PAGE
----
Idea of lifting Brown v. Board of Education name from landmark 1954 case stirs Kansas dissent

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TOPEKA — Carolyn Wims-Campbell attended a segregated Topeka elementary school and rode to high school with Linda Brown, a daughter of the lead plaintiff in the landmark Brown v. Board of Education case in which the U.S. Supreme Court declared unconstitutional the doctrine of separate but equal schools.

The case carried the name of plaintiff Oliver Brown, the father of Linda and an assistant pastor of a Topeka church. His third-grade daughter was involved because she walked six blocks to a bus stop for a ride to segregated Monroe Elementary when all-white Sumner Elementary was seven blocks from home. Brown v. Board of Education was the consolidated title of five NAACP education lawsuits.

Wims-Campbell, a former member of the Kansas State Board of Education, said she was shocked and disappointed to learn of a proposal by South Carolina civil rights leaders to ask the U.S. Supreme Court to amend the case name to highlight South Carolina’s role in the litigation.

“I didn’t know anything about that until I saw it on the news,” Wims-Campbell said Wednesday. “Oh, my goodness. I thought, ‘Those people are crazy.’”

On eve of the 70th anniversary of the transformative 1954 ruling, the proposal would replace the Brown v. Board of Education label with that of Briggs v. Elliott. The new name would reflect status of Harry Briggs as a South Carolina plaintiff in the federal lawsuit targeting Clarendon County School Board President R.W. Elliott.

Civil rights photographer Cecil Williams told The Post and Courier of Columbia, South Carolina, that amending the name to Briggs v. Elliot would help restore South Carolina’s standing as a cradle of school desegregation. Briggs v. Elliot was the first of the five lawsuits filed in federal court. It was submitted in May 1950, while the Kansas case was filed nine months later in 1951.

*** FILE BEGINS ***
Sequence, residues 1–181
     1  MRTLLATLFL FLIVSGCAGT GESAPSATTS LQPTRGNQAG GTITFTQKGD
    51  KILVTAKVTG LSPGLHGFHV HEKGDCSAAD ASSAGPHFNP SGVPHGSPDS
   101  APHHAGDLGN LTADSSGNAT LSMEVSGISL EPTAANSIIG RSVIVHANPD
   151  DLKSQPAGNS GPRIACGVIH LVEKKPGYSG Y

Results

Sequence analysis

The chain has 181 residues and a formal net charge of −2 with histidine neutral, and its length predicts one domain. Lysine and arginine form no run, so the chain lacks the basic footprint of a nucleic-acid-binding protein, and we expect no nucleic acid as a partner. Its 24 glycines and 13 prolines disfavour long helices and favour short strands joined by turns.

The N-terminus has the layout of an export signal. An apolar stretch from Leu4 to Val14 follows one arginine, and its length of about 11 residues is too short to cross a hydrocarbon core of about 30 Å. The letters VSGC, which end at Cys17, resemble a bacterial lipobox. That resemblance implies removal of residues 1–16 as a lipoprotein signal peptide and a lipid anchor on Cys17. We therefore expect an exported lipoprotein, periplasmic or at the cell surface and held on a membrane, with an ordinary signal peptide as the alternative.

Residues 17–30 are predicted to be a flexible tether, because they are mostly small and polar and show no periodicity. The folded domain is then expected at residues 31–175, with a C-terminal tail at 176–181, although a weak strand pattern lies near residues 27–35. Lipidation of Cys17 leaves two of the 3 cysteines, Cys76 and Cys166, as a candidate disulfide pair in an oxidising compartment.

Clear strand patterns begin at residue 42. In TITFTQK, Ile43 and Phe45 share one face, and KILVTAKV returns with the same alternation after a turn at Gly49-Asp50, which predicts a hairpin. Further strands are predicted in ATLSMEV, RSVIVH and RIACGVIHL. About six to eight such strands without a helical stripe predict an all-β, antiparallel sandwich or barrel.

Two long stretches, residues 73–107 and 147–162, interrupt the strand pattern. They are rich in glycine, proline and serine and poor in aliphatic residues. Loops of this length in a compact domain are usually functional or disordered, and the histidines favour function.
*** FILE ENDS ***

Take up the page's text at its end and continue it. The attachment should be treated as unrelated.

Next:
The U.S. Supreme Court has not previously changed the namesake of a long-ago decided case, Williams said.

“Everyone else lays down and says you can’t do this,” he said. “Many will call it crazy. It might be laughed out of court.”

Visitors on April 6, 2023, at the Kansas Statehouse observe the third-floor mural commemorating the landmark Brown v. Board decision.
Visitors on April 6, 2023, at the Kansas Statehouse observe the third-floor mural commemorating the landmark Brown v. Board decision. (Sherman Smith/Kansas Reflector)

Under the decision issued May 17, 1954, the U.S. Supreme Court ruled Black children were deprived of their right to equal protection under law guaranteed by the 14th Amendment to the U.S. Constitution. Justice Earl Warren wrote in the opinion that “in the field of public education the doctrine of ‘separate but equal’ has no place” because segregated schools were “inherently unequal.”

Wims-Campbell, who transitioned in the fall of 1954 to a previously integrated junior high school in Topeka, said elementary schools attended by Black students in the city were considered the educational peer of elementary schools enrolling white students.

She felt well-equipped academically given instruction provided by Black educators at McKinley Elementary, which was one of the four all-Black elementary schools in Topeka.

“I am a proud product of segregation,” Wims-Campbell said.

She said making Brown v. Board of Education the headliner may have had roots in legal strategy of focusing attention on a community where the quality of education in Black and white schools was comparable. It’s also possible it was about making certain a male stood as lead plaintiff, she said.

Bob Beatty, a political science professor at Washburn University in Topeka, said there was no definitive answer as to why Brown v. Board of Education stuck. He said some theorized it was as a simple issue of “B” falling early in the alphabet. Another possibility was President Dwight Eisenhower didn’t mind associating the segregation case with his home state of Kansas, he said.

“Others argue whoever named it didn’t want it to be a Southern state,” Beatty said. “There’s a lot of theories.”

He said erasing the name of a prominent U.S. Supreme Court decision would be a mistake. The National Park Service operates the national historic site in Topeka dedicated to the case in the former Monroe Elementary.

“Changing the name would be a disservice,” the professor said. “There’s such a rich history to the context of the case and the name behind it.”

Kansas Reflector is part of States Newsroom, a network of news bureaus supported by grants and a coalition of donors as a 501c(3) public charity. Kansas Reflector maintains editorial independence. Contact Editor Sherman Smith for questions: Follow Kansas Reflector on Facebook and Twitter.

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